January 23, 2014

Adding constraints in order to improve performance

I am often intrigued by the complexity and paradoxes in optimal human functioning. One thing which interests me in particular is that our performance may sometimes be improved by deliberately adding constraints to the circumstances in which we have to perform. I came across nice example when I was watching Back and Forth about the rockband Foo Fighters. Just before starting to record the 2011 album Wasting Light, Foo Fighters front man Dave Grohl decided that instead recording the album digitally they would record it on tape. This implied that the recording process would be harder and less flexible. While digitally recorded music can be easily manipulated and corrected, analogously recorded music can't be.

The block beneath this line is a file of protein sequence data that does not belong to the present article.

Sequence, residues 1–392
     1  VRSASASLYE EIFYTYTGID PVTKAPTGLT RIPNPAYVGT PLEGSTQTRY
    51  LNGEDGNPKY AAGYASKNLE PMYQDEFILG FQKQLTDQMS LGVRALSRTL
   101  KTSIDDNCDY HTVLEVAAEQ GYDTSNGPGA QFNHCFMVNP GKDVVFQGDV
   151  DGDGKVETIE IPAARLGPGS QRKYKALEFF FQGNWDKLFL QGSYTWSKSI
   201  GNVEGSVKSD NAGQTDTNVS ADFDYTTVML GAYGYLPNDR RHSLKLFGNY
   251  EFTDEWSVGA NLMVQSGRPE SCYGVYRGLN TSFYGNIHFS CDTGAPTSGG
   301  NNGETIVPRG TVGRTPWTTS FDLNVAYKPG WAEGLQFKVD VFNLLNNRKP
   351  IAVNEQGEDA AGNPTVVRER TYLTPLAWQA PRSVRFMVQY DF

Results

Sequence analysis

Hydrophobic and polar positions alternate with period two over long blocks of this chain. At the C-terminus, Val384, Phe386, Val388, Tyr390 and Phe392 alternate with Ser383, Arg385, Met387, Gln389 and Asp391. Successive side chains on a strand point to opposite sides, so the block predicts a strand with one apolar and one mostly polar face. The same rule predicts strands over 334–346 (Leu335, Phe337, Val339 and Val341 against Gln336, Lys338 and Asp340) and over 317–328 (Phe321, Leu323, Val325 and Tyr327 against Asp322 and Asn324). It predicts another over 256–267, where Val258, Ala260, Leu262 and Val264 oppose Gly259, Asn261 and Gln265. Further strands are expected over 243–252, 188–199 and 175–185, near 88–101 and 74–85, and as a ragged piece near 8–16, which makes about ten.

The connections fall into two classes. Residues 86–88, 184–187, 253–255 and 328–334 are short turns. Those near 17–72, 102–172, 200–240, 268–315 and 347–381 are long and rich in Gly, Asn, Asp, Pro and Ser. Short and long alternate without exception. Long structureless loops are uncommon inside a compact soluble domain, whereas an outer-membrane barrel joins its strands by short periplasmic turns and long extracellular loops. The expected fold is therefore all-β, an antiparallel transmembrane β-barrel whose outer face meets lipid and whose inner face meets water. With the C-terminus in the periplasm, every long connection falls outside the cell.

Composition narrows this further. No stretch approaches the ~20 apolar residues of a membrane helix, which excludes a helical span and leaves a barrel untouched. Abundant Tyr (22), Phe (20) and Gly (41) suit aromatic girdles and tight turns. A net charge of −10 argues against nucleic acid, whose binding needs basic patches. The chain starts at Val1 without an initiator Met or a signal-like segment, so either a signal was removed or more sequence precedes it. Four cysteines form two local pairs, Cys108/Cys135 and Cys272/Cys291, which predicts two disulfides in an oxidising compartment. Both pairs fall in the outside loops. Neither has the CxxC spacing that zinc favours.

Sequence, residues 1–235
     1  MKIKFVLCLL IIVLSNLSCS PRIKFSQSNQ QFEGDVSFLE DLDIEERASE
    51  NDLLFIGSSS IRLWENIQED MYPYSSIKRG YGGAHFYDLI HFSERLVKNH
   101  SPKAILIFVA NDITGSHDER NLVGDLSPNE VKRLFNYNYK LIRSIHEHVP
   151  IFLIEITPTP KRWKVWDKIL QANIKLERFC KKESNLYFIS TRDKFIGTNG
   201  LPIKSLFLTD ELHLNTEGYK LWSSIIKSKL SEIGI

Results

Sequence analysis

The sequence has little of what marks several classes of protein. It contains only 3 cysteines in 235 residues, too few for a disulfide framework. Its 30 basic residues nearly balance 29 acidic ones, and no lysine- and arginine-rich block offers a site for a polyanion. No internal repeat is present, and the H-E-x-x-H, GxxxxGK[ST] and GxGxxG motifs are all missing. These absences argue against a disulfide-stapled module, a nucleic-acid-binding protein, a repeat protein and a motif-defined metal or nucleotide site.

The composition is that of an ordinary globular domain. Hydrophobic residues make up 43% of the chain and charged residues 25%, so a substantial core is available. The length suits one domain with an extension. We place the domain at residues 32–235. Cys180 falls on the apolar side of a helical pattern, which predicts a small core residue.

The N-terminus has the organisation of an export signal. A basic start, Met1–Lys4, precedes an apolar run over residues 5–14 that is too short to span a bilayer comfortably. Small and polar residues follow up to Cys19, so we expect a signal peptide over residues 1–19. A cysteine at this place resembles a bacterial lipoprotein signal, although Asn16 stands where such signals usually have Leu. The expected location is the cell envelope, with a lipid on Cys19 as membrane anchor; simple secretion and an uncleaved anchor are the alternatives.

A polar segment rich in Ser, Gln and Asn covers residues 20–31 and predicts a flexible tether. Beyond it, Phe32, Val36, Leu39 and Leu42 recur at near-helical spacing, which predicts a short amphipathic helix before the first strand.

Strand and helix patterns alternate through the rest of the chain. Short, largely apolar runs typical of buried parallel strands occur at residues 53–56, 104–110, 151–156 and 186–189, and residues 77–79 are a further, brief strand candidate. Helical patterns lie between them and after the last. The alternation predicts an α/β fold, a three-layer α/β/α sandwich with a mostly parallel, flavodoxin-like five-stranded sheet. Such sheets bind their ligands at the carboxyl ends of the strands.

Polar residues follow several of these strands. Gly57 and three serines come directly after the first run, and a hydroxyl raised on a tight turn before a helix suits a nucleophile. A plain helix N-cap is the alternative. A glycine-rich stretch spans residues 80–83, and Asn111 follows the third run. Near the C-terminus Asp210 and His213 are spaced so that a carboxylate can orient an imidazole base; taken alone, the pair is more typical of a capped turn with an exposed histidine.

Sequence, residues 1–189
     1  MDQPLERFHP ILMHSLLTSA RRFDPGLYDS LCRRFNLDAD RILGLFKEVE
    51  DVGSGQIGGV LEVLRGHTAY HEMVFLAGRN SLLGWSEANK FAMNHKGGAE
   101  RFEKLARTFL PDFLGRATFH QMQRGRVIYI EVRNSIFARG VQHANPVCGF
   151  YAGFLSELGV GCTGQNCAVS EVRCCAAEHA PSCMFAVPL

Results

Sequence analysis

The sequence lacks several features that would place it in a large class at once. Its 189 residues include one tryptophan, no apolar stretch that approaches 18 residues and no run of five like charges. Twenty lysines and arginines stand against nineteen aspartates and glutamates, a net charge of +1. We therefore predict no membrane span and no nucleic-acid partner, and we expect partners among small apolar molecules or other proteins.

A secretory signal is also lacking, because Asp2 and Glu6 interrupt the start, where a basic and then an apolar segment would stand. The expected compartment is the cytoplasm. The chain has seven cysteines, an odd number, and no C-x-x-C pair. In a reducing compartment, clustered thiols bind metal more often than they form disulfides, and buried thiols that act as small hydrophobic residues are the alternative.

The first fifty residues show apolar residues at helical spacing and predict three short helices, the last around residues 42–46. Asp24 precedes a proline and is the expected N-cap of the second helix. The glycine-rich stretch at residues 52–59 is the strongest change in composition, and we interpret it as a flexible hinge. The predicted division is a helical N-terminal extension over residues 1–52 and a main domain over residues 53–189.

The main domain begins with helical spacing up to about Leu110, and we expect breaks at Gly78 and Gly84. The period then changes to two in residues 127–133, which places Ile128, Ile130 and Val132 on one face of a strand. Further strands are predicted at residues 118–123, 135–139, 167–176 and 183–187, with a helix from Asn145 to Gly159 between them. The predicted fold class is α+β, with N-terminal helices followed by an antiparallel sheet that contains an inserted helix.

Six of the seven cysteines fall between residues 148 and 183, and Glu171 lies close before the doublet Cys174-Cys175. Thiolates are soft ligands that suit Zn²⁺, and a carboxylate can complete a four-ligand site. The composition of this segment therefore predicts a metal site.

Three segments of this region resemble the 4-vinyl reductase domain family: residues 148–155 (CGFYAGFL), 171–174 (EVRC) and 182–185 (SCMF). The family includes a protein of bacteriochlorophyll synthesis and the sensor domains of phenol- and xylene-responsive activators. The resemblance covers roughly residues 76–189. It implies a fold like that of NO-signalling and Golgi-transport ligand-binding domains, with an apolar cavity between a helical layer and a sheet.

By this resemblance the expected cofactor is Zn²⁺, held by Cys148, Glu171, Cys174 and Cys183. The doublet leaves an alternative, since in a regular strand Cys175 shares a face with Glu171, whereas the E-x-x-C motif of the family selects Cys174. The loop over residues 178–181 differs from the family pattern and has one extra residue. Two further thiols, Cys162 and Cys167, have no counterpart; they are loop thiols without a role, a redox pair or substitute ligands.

Grohl realized that the easiness of digital recording might make musicians a bit lazy and easy. After all, any mistake could be relatively easily corrected. But analogous recording would require the band members to be really sharp and play really well. While we can't know how and to what extent this contributed to the album's succcess, we can say the album was indeed a success. It became their best sold album and won five Grammy Awards.

2 comments:

  1. David Creelman just told me that Ihe heard once that Neil Young would often deliberately play with lousy guitars because then he would really have to work at it and that led to a better performance.

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  2. Great article! Just be sensible on how to apply the constraints, to improve performance.

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